There’s No Such Thing As A Frontside Indy

Mark Sollors, frontside 360 Indy frontside grab. Whistler backcountry, BC, Canada.

Mark Sollors, frontside 360 Indy frontside grab. Whistler backcountry, BC, Canada. PHOTO: Adam Moran

This story originally appeared in the Variables section of the January 2015 issue of TransWorld SNOWboarding. Click here to subscribe.

Words: Preston Strout

History is messy, and prone to heated debate, but it’s hard to deny that snowboarders have been misusing the term Indy for over two decades.

Early freestyle snowboarders who skateboarded, naturally adopted skateboard trick names to describe what they were doing on the snow. Over time, many of these names have been used incorrectly, but none worse than the Indy. During the mid-'90s, all toe edge grabs with the rear hand, in between the bindings, were unfortunately generalized by announcers and magazines, as Indy grabs, regardless of which direction the rider was spinning. This led to a mass miseducation, and incorrect statements like, "he did a frontside 360 Indy." The problem with this, pointed out by those who know better, is that there is no such thing as a frontside Indy.

The term Indy, named after the Independent Truck Company* by skateboarder Duane Peters (who popularized this grab around 1980) was in specific reference to grabbing with your back hand, between your feet while rotating backside. There was already a term for this grab going frontside—the frontside grab. Freestyle snowboard pioneer and life-long skateboarder Todd Richards confirms that, "it’s inherently a frontside grab, unless you are going backside." Richard’s clarification also rules out referring to a straight air with this grab as an Indy.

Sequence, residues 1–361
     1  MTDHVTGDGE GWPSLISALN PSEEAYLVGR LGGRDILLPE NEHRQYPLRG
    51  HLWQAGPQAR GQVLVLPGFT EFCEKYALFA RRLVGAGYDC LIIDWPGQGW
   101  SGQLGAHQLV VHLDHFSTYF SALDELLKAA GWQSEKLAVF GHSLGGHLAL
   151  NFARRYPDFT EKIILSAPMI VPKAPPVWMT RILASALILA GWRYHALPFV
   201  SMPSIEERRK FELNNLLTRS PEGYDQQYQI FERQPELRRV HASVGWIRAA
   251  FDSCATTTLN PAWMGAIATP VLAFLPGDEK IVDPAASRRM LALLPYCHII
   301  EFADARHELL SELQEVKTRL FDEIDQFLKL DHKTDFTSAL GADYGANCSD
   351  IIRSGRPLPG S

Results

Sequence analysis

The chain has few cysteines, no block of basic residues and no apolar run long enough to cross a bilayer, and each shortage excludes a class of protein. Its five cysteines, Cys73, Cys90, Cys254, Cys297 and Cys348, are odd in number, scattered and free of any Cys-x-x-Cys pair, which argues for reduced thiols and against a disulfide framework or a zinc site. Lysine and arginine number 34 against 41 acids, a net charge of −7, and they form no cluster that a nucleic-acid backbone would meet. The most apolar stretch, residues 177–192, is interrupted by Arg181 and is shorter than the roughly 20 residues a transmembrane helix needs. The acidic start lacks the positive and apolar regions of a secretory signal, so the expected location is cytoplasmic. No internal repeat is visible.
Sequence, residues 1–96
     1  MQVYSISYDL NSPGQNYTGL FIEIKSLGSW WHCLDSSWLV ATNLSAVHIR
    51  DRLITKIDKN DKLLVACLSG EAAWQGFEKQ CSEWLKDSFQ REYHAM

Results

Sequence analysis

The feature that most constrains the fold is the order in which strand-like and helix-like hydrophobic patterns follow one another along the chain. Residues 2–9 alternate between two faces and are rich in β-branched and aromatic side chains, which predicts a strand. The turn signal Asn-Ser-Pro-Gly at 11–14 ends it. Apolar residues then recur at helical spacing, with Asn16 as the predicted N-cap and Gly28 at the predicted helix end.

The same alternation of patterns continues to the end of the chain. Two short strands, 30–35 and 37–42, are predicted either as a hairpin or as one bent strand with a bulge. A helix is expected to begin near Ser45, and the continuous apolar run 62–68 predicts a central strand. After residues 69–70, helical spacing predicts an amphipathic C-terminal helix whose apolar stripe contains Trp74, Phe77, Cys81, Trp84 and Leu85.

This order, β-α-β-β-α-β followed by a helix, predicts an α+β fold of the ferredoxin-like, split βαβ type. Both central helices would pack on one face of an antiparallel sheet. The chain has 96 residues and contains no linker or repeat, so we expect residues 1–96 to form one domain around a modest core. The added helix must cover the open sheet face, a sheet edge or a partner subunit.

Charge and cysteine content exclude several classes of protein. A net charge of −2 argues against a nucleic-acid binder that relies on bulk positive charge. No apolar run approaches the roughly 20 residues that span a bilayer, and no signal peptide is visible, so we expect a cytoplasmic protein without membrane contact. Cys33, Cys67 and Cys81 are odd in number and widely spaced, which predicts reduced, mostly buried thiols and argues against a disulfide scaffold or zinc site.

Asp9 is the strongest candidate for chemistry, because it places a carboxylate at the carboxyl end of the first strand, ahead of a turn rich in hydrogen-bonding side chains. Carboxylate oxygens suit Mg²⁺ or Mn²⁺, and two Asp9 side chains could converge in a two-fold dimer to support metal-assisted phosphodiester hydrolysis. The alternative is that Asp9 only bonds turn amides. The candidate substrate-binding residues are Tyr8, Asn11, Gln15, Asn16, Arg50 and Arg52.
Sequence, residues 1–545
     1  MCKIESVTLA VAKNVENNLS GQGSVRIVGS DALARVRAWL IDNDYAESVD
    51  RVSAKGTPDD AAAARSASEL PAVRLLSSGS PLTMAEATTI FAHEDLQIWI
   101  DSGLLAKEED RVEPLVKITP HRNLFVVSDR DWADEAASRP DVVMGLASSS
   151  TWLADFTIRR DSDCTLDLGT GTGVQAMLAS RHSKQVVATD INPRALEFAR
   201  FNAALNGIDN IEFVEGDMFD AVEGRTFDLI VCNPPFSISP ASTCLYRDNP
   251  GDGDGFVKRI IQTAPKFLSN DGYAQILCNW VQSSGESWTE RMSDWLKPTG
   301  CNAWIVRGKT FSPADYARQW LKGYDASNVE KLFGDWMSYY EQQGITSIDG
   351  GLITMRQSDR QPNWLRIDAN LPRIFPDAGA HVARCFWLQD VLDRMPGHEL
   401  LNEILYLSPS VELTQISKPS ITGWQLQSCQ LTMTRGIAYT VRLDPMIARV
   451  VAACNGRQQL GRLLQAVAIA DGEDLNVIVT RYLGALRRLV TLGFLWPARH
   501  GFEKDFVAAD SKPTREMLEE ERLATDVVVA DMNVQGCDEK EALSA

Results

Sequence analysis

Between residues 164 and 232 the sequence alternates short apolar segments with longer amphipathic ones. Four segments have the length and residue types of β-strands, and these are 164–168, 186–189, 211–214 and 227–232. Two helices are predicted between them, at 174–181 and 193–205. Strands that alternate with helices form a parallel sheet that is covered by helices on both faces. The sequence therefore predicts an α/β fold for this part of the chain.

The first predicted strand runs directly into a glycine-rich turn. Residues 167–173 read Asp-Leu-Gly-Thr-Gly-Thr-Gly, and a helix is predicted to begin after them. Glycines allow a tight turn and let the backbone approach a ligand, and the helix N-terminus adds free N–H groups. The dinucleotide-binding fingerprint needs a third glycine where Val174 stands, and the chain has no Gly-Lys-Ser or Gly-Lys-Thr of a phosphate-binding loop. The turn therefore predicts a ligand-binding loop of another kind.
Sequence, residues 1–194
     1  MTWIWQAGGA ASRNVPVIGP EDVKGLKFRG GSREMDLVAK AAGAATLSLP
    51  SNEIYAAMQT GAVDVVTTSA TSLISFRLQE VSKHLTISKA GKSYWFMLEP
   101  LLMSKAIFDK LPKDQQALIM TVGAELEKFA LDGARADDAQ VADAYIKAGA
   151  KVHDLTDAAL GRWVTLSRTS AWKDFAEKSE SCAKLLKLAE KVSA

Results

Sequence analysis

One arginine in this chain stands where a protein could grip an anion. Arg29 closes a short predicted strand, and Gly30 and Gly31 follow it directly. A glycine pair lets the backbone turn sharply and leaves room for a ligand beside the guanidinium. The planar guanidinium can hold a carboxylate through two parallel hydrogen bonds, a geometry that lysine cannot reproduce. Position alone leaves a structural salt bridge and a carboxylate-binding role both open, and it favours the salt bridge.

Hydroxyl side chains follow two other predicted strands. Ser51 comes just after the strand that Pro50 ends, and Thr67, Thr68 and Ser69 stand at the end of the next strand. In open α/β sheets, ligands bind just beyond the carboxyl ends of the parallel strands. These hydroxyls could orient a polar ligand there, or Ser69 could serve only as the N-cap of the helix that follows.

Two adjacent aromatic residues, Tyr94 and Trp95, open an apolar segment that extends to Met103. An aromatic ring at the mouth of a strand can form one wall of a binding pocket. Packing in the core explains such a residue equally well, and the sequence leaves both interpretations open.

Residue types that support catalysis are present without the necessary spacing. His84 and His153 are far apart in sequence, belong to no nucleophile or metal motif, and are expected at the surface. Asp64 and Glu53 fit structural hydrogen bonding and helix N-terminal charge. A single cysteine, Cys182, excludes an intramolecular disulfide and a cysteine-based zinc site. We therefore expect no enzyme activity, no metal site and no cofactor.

To those accustomed to mislabeling this grab an Indy, it may sound strange at first to say a frontside 360 frontside grab, but that is the correct way to say it. Some will argue that if all snowboarders are calling a grab the same thing, even if its wrong, then like it or not, that’s now the name in snowboarding. Well, that may be true, but that also means we all sound ignorant to the ears of history, and skateboarders. Although skateboarding and snowboarding are very different beasts, there are undeniable parallels, and if we are going to use skate terminology to label snowboard tricks, we should respectfully retain the original definitions. If we’re not going to stick to this method, why even use skate terms?

*Which is why Indy should always be capitalized, as it’s technically a proper noun.